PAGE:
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Post Options Post Options   Quote mio-km Quote  Post ReplyReply Direct Link To This Post Posted: 05 January 2008 at 01:14
YEEEEES!!

For two years Ive been looking for a converter that could nail those KM colors!

Now I really regret that i have a lot of shots in jpeg only, simply because I loved the colors and no Raw-converter could match them anyway. (Dimage Master Was close, but it was pure agony to work with it)

Also the quality of noise reduction, sharpening and jpeg compression straight from the camera in "X.FINE" was close to impossible to beat. So for a lot of month I have only "X.FINE" pics as the 5D only do "FINE" together with the RAW

But supeter; where do you find the _rz1prof.icc (and the other ones) ? I only have the _rprof.icc from DM.

REAL HAPPY NOW!!!!
BR Mio



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supeter View Drop Down
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Post Options Post Options   Quote supeter Quote  Post ReplyReply Direct Link To This Post Posted: 05 January 2008 at 07:09
Glad it works for others as well. It looks like the other profiles are presented only in Dimage Viewer and not in Dimage Master.

Note: For sharpening you can use Gimp's Filters->Enhance->Unsharp Mask - it's really good
KM 5D, 20/f2.8 RS, 28/f2.8, 24-85/f3.5-4.5 RS, 50/f1.7, 70-210/f4, 100-300/f4.5-5.6 APO
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Post Options Post Options   Quote MiPr Quote  Post ReplyReply Direct Link To This Post Posted: 05 January 2008 at 15:45
Supeter, thank you for an excellent intro. I've read it carefully and checked your suggestions - UFRaw works much better for me now. Maybe I'll switch to it completely?

BTW, I think that your article is better suited in the Digital Darkroom subforum and so I moved it in there.
I'm noise-blind. And noise-about-noise-deaf too ... |   BTW, Dyxum Weekly Exhibitions don't grow on trees ...
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Post Options Post Options   Quote stingray Quote  Post ReplyReply Direct Link To This Post Posted: 08 January 2008 at 14:26
I am using also exclusively UFRaw and I think you wrote a great article !!
Concerning camera colour profiles, i think this is the most tricky part for beginner since most commercial raw converter are using their own profile.
I personnally like this one (which will also work for the 7D) which has less contrast than the KM one on UFRaw.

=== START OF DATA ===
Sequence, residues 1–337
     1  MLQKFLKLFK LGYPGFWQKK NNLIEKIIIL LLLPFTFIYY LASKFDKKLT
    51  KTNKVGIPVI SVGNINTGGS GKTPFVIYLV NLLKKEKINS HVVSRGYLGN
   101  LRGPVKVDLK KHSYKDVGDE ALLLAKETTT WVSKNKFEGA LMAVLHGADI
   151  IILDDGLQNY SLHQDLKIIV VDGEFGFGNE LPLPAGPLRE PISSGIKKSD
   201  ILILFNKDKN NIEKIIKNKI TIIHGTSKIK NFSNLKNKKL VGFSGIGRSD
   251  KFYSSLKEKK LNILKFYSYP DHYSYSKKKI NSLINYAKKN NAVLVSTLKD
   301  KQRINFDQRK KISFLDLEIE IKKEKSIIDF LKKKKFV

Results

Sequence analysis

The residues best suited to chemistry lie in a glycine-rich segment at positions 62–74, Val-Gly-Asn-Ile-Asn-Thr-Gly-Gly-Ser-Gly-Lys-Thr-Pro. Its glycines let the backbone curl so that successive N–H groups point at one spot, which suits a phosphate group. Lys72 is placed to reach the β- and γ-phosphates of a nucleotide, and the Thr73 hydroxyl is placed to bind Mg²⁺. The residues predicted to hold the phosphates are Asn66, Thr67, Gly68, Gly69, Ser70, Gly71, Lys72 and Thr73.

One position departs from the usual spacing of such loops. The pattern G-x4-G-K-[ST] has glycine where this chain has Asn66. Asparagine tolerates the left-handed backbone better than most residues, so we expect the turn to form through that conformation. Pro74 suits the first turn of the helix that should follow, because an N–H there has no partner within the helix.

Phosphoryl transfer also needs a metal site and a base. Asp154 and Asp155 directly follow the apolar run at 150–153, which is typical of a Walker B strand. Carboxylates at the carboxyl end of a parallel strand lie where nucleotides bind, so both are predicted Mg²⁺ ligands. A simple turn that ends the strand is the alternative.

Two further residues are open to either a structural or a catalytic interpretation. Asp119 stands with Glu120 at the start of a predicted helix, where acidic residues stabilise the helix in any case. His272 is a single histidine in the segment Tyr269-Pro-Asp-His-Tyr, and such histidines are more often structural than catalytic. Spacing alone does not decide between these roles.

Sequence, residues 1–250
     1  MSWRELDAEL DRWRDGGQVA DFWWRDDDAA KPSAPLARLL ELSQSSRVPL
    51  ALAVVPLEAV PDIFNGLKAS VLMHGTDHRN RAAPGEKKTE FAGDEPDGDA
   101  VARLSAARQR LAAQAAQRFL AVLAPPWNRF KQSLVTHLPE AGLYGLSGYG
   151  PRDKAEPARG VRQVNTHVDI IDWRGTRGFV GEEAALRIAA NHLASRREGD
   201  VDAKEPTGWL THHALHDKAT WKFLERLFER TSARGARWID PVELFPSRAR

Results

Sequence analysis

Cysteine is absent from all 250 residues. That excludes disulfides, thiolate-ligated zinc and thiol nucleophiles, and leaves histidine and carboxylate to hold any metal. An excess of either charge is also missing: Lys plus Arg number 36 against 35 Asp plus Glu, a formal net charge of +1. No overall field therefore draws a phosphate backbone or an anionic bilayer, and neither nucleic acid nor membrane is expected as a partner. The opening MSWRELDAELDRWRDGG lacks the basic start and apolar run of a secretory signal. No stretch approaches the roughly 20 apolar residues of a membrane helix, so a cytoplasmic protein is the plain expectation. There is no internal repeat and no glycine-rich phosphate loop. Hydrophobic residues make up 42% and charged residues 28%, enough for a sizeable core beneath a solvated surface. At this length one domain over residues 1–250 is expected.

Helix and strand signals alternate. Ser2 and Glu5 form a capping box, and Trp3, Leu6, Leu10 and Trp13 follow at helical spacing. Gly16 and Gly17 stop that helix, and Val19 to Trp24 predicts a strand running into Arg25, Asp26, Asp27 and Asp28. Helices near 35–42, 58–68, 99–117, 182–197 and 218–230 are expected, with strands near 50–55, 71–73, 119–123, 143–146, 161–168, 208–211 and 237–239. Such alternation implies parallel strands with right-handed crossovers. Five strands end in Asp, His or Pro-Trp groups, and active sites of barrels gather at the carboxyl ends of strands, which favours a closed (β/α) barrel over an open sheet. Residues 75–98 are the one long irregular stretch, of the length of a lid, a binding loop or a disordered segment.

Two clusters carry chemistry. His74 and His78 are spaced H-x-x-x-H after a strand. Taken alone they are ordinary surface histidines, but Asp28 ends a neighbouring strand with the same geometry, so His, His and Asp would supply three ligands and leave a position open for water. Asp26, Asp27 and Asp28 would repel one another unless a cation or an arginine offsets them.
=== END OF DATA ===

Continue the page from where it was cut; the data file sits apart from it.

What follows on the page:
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Post Options Post Options   Quote tnagy Quote  Post ReplyReply Direct Link To This Post Posted: 26 February 2008 at 12:19
Originally posted by supeter supeter wrote:

Hi everyone,

I've decided to write a quick and dirty article about UFRAW the best opensource raw converter to make a more complete picture about opensource options......

...You will also need this curve file KM-curve which was extracted from Dimage Master's ICC. Load it as a base curve in Ufraw with KM ICC profile.
Please use these ICC profiles with Ufraw for best results (no need for any curve correction file with these!):
KM5D-ICC
KM7D-ICC

Hope this will be useful for someone who's just considering to use Ufraw or is a bit undecided ;).

Cheers,
Peter


Please, has anyone these 3 files? specially the KM curve and 5D icc profile? These links don't word...
Thanks in advance...
Tibor
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Post Options Post Options   Quote Asiir Quote  Post ReplyReply Direct Link To This Post Posted: 01 March 2008 at 16:54
Originally posted by tnagy tnagy wrote:

Please, has anyone these 3 files? specially the KM curve and 5D icc profile? These links don't word...

I second the appeal -- does anyone have links to these files? Can they be obtained by downloading the Dimage Viewer? Thanks!
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Post Options Post Options   Quote artuk Quote  Post ReplyReply Direct Link To This Post Posted: 03 March 2008 at 21:16
Does anyone have the Minolta Curves file for use with UFRaw (DCRaw), to give the correct colours when using a Minolta icc profile?

All help appreciated - the links earlier in this thread no longer work.
Art